2 hours, 9 minutes
Photo Credit: David Lee
At first glance, this week’s film, the bank heist thriller “Inside Man,” looks to be another in a long line of throwaway blockbuster action films. Not bad, but nothing to write home about either. The hook with this movie, however, is in its director: Spike Lee. But, where he can certainly breathe new life into this common caper, any Spike Lee “Joint” comes with plenty of cons to go with its pros.
Denzel Washington, in a role that requires little effort beyond having to deliver Lee’s signature (and ridiculous) “black” dialogue, is detective Keith Frazier, a cop in the doghouse after a substantial amount of money goes missing on a bust he headlined. Clive Owen is Dalton Russell, a mysterious bank robber with questionable motives.
When Dalton and his gang decide to ply their trade at a large Manhattan bank, Frazier and his partner are given the chance to redeem themselves by bringing a swift and bloodless end to what quickly becomes a hostage situation. Nothing, however, seems to go as planned. As hour stretches into hour, Frazier and the police outside begin to realize that if what is going on in the bank is simply burglary, it’s the strangest case of it anyone has ever seen.
Complicating matters is Jodie Foster as Madeline White, a mysterious power broker who has all the connections and is tasked with protecting a secret inside the bank, at any cost. With such a complicated set-up, “Inside Man” had great potential to fall flat in the third act, but instead succeeds in providing one of the most satisfying conclusions to a thriller that I’ve seen in years.
The plot, in this film, is its greatest asset. Tightly constructed and meticulously weaved, it rarely falters and suffers few if any lapses of logic or glaring plot holes. There are a few points where the film indulges in typical thriller-isms, but they are few and far between. The majority of the plot is creative, energetic and entertaining.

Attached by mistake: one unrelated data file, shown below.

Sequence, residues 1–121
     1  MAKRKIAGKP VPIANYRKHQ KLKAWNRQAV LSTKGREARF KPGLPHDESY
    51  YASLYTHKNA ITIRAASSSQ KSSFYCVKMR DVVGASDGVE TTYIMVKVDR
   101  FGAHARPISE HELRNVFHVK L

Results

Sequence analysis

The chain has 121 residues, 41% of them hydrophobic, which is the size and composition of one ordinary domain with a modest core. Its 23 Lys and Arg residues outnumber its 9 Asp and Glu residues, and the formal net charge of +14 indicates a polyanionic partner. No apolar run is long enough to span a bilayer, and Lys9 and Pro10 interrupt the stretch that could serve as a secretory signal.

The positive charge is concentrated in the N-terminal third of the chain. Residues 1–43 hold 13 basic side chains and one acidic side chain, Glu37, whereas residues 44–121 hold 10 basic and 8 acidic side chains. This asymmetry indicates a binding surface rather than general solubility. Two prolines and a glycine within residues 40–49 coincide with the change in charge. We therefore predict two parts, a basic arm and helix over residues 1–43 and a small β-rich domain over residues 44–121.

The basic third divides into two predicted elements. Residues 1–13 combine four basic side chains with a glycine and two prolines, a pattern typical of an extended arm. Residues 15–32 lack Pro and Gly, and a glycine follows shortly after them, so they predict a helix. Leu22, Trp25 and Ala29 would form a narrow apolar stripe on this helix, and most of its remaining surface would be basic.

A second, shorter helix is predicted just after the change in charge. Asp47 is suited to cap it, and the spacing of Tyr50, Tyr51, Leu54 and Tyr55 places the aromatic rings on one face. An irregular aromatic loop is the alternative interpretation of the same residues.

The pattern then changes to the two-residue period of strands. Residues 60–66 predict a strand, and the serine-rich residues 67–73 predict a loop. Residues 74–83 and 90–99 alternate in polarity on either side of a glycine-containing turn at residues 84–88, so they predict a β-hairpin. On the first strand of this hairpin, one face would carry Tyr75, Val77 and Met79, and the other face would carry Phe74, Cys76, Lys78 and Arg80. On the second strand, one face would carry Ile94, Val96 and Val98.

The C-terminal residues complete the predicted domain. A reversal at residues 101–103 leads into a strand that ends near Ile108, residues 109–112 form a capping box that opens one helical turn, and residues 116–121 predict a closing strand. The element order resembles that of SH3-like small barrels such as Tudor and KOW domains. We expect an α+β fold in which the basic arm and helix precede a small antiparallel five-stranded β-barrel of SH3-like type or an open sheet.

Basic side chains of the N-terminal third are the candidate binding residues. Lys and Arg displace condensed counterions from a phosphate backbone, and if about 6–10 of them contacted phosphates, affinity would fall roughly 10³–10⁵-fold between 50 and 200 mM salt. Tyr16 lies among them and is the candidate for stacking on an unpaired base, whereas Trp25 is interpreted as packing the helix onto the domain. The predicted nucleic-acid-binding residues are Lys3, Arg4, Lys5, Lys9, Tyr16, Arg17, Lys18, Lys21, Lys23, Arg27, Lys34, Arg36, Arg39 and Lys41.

The character development also is well done. “Inside Man” is a film that doesn’t feel the need to rush through the action, and as a result, the audience has time to get to know the people inhabiting it a little.
Lee employs a flash-forward technique at times, an element of the film that I thought worked particularly well, giving us real insight into the characters of not only the police, but the hostages, as well.
The character I was most disappointed with was Foster’s. Her character is interesting because she is so powerful, and so playful at the same time. She reminded me almost of a Greek god, come down to play among the mortals, wickedly amused at how we bumble around.
For all this great build-up, however, she is oddly ineffectual, and not really quite strange enough. More could have been made of her quirky good humor, and more could have been given to us in the way of backstory or at least in examples of arenas where her power is legitimate. Despite good acting, in the end she comes off, not as omnipotent as is intended, but as undeservedly cocky.
The other main detriment to this film comes in the form of Lee’s bursts of silly and out-of-place dialogue. Lee didn’t write the movie, and for most of the time, the dialogue is sharp, matching the plot.
At odd moments, however, you can definitely hear the director’s pen on the script, adding glaringly out-of-character crude remarks, or corny “street” talk. “Inside Man” is arguably Lee’s first real “mainstream” movie, but it seems he was unable to make a complete leap from the world of independent film to big-budget hollywood.
Aside from a few snippets of poorly written dialogue, I think that’s a good thing, and the film is better for the mix of avant-garde and traditional filmmaking techniques. Who knows, if Lee can parlay this first weekend’s success into a lasting hit, he might become Hollywood’s new “Inside Man.” Grade: B+
“Inside Man” is rated R for language and brief violence.
Chris Jenness is a freelance graphic designer, artist and movie buff who lives in Nikiski.
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